Thom has the 2.0Ghz version of the MacBook Pro, 15" (1440x900), 2.0GB (Apple-branded) RAM, and a 90GB harddrive. Adam has the 1.83Ghz version, also 15", but with 1.5GB of RAM (of which 1GB is after-market), and a 100GB harddrive.
We decided to focus on a few specific areas of the machine; we will each give our thoughts on these topics, and at the end, we will both come to our own conclusions.
TH: I find that the MBP screen has very bad viewing angles, which is extra annoying because it's a laptop (you have to adjust the screen angle all the time). The screen on my 'cheap' Dell Inspiron 6000 is much better in that respect.
AS: I disagree. Everyone seems to go ga-ga over "Brightview" or whatever they're calling it these days. While it does make the picture crisp, it also adds glare from virtually every other angle. I have no issue with the screen position or angle.
TH: I'm not talking about the glossy thing; my Inspiron does not have a glossy screen either. What bothers me on the MacBook Pro is how the colours change even when you tilt your head slightly away from the ideal viewing angle, causing me to adjust or my head, or the screen, continuously; this especially reveals itself via the shadows underneath the windows in the MacOS. The Dell does not have this problem, or at least, not as bad as the MacBook Pro.
AS: I haven't noticed this. I actually find the display to be very bright. I'm in love with the widescreen.
TH: That's for sure, the brightness and wideness are very much appreciated. I just expected a better viewing angle on a 'pro' laptop.
The Speed & Boot Time
AS: The boot time on the MBP is awesome. I go from zero to logon in mere seconds. It's no BeOS, but it's fast. Especially if you're coming from a PPC Mac.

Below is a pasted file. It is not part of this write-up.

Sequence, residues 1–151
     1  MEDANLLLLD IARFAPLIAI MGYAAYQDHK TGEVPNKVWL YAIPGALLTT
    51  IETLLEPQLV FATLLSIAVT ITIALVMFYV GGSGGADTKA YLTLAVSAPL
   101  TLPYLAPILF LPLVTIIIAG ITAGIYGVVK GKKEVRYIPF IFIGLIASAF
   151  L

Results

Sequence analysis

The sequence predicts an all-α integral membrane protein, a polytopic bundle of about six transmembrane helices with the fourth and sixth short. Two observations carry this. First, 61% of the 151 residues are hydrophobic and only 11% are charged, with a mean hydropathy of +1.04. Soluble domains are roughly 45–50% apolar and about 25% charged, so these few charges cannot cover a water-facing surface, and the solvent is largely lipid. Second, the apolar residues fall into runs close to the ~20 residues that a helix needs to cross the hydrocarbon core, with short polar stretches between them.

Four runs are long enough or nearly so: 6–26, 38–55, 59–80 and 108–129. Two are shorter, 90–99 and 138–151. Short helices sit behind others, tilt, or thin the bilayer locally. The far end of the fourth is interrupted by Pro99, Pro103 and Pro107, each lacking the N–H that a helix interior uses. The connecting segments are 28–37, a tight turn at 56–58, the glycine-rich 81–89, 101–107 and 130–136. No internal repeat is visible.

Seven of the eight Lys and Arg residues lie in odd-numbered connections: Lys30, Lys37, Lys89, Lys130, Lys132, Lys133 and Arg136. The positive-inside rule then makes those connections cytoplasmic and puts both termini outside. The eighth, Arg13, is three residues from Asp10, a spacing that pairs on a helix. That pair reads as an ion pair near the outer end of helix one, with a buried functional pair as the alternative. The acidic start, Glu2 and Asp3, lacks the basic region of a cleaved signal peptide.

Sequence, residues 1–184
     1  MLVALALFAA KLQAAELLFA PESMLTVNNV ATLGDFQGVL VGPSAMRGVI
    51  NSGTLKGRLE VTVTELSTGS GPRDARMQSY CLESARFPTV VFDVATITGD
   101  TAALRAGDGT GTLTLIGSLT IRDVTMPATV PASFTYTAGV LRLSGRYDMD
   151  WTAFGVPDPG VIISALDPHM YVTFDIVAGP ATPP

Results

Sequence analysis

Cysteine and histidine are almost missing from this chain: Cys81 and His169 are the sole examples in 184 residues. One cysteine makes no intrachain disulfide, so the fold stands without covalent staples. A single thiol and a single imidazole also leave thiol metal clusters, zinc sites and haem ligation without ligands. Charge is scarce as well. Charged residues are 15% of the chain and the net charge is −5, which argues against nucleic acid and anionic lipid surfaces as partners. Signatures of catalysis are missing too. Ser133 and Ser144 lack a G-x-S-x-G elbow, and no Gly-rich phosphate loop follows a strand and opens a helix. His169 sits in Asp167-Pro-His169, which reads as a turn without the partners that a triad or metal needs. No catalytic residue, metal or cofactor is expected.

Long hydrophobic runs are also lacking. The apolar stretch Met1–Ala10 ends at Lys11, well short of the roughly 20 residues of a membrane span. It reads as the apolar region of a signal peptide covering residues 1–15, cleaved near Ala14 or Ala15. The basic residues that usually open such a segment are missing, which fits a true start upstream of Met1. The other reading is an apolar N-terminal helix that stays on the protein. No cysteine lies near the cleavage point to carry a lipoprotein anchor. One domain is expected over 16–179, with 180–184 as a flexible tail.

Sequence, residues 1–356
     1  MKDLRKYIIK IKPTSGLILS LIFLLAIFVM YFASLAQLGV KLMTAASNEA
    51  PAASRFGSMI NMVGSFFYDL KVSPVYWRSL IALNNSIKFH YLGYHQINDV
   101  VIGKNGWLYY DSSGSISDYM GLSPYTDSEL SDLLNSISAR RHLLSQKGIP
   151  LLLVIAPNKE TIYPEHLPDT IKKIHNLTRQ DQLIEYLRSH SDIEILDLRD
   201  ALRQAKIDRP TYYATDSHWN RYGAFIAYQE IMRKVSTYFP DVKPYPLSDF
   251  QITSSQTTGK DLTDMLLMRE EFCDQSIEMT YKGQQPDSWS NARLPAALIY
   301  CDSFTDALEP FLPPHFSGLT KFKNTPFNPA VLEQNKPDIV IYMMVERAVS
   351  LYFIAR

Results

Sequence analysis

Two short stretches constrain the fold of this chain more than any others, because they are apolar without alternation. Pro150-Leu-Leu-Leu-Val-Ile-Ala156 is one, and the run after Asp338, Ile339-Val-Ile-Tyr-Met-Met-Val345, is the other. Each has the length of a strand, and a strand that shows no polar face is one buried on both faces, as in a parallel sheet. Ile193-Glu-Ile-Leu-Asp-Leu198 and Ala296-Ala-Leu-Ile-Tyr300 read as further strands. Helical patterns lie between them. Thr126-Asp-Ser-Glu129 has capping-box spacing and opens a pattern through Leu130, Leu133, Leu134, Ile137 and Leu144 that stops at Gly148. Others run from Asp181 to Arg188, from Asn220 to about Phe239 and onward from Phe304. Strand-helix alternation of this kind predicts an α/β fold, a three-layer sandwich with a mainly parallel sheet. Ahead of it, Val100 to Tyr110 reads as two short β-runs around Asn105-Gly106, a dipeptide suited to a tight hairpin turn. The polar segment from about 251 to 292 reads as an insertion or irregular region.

TH: Oh yes, agreed. The boottime has increased majorly due to the switch compared to an iBook G4 or even the latest iMac G5.
AS: Thom, did you notice the application launch time? The freaking apps launch in a jump or two from the dock. The speed is significantly faster than the iBook. Now, I still get beach balls - frequently when loading a big webpage like Gmail's inbox and sometimes when moving around in a video in Quicktime - but overall, application launch speed is a big step up.
TH: Yes, agreed. Especially Mail.app and new Safari windows pop up almost instantly. It is still no BeOS (which I consider as the ideal when it comes to responsiveness), but it has indeed improved a lot since the PowerPC era. Mail.app still comes to a crawl quite easily though, i.e. when opening a large email folder.
AS: Mail coming to a halt is probably due to the limitations of POP and IMAP, not to mention the mbox format [Ed. note: Mail.app currently uses a format based on mbox, not BSD mbox proper]. I don't know that I expect my mail client to jump open in an instant when I have 10000 messages in it. Incidentally, I have Mail set to download my Gmail account as a backup, and it launches in about 3 seconds, which I might mention is faster than my Gmail account loads.